The American Institute of Biological Sciences (AIBS) has launched a new podcast series as part of its on-going BioScience Talks program. The new series, In Their Own Words, is a monthly interview with an individual who has helped to shape the biological sciences in the late 20th or early 21st century. The interviews provide an oral history of biology.

The first program, an interview with Dr. Rita Colwell, was released in December 2019. Dr. Colwell, is a former president of AIBS and former director of the National Science Foundation. The newest episode, just released, is a conversation with Dr. Kent Holsinger of the University of Connecticut. Forthcoming interviews include talks with Drs. Diana Wall and Susan Stafford.

A corresponding print interview is published each month in BioScience. To listen to a recent In Their Own Words podcast, visit http://bioscience-talks.aibs.org.

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Short Takes

  • President Trump has nominated Acting Administrator Neil Jacobs to lead the National Oceanic and Atmospheric Administration (NOAA). Dr. Neil Jacobs previously served as the chief atmospheric scientist at Panasonic Avionics Corp. and is a proponent of weather data privatization. The President's previous nominee for the position, Mr. Barry Myers, the former CEO of AccuWeather, Inc., withdrew his nomination in November 2019.

  • The U.S. Geological Survey's (USGS) National and Regional Climate Adaptation Science Centers (CASC) will receive $38.4 million in funding in fiscal year (FY) 2020, an increase of $13 million relative to FY 2019, under the compromise spending packages enacted in December 2019. Established in 2008, the CASC program includes 8 regional centers across the country managed by a national center at USGS. The CASCs are responsible for developing the science and tools to address the effects of climate change on land, water, wildlife, fish, ecosystems, and communities. The program was slated for a 46 percent spending cut in the President's proposal but ended up with a 51 percent increase in budget. According to the explanatory report released alongside the spending package, part of this increased funding is intended to support the development of a Midwest Climate Adaptation Science Center.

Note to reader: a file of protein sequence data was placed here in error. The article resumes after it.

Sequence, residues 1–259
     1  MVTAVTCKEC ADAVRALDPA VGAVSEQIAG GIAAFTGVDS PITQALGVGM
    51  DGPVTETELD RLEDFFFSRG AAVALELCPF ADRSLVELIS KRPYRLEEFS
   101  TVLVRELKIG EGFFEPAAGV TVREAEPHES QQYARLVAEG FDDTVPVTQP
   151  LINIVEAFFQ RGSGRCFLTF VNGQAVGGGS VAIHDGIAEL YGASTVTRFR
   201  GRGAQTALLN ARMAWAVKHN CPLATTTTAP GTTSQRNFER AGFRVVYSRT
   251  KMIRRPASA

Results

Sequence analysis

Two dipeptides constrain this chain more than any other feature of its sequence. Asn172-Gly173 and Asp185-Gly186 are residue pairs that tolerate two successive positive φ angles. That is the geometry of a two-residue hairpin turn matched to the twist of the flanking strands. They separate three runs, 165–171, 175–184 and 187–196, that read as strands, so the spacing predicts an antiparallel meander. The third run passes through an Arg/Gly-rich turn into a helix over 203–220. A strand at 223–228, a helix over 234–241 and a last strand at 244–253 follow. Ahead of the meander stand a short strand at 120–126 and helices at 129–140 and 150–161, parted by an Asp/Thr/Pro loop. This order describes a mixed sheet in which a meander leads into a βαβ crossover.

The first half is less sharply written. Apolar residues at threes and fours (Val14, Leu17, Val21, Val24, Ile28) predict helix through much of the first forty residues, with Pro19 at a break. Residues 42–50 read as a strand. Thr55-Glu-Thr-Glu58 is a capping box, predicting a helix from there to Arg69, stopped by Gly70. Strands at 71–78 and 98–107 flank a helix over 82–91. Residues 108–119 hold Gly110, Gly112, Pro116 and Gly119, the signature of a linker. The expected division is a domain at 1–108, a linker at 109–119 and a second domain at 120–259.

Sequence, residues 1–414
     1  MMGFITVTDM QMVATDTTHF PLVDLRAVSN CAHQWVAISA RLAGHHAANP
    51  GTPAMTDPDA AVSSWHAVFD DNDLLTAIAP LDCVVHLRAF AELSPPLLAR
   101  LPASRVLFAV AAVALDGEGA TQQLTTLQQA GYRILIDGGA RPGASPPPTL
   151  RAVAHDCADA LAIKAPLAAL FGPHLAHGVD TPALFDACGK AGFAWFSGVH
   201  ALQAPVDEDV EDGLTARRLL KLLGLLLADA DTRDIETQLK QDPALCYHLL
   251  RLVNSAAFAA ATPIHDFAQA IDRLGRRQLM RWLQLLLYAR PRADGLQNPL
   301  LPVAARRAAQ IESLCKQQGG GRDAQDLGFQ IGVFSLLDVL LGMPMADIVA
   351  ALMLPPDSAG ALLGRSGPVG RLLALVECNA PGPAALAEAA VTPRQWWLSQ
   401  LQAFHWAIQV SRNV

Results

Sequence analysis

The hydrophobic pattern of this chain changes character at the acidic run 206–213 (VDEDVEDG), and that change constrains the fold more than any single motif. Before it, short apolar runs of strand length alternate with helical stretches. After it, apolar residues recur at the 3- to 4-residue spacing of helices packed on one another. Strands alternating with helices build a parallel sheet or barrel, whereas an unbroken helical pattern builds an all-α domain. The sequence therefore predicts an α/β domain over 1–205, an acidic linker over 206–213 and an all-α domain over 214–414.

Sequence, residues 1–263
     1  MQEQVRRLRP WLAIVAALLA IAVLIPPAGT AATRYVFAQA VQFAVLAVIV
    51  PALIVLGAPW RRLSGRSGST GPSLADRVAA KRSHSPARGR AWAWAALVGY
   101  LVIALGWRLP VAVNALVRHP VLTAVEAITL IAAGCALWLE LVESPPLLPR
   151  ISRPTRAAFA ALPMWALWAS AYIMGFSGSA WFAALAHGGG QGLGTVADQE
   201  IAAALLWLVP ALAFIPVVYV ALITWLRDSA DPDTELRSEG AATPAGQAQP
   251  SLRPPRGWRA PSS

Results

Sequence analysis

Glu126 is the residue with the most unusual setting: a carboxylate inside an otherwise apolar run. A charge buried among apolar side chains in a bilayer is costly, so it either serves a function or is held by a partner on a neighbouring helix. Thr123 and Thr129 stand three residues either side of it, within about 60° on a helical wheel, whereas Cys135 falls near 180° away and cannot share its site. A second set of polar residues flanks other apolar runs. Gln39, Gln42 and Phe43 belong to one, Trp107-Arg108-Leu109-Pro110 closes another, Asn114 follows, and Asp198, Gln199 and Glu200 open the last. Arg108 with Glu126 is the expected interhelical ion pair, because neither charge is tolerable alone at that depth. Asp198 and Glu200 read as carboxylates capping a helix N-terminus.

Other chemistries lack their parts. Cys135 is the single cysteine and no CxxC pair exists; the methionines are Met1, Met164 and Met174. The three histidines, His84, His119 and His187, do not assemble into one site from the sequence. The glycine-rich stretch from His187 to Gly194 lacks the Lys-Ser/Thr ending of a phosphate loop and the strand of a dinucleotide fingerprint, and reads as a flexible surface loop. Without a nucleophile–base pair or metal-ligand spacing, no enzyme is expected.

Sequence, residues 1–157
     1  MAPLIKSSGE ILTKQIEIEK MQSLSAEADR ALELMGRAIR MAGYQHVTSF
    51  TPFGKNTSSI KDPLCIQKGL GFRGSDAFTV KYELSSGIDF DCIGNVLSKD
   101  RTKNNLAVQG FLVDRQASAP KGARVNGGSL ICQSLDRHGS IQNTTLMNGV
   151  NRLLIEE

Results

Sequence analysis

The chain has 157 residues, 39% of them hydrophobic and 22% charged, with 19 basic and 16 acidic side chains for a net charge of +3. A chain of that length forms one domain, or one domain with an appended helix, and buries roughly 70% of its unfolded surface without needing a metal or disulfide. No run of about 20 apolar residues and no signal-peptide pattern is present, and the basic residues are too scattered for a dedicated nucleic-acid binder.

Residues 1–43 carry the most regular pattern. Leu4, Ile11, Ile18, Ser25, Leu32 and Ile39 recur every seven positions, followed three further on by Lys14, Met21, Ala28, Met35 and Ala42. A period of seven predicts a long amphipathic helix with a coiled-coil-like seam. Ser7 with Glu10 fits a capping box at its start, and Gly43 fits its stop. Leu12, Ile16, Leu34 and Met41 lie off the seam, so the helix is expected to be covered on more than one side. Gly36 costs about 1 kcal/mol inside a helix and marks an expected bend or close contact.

• The National Science Board (NSB), the governing body of the National Science Foundation, is inviting applications for the position of Executive Officer and Director of the NSB office. Responsibilities include directing the day-to-day operations, supervising the office staff, and serving as liaison and representative of the Board to the rest of NSF, Congress, the Office of Management and Budget, the Office of Science Technology Policy, and other entities inside and outside of government. The closing date for the application is January 12, 2020. For more information go to: https://www.usajobs.gov/GetJob/ViewDetails/554924400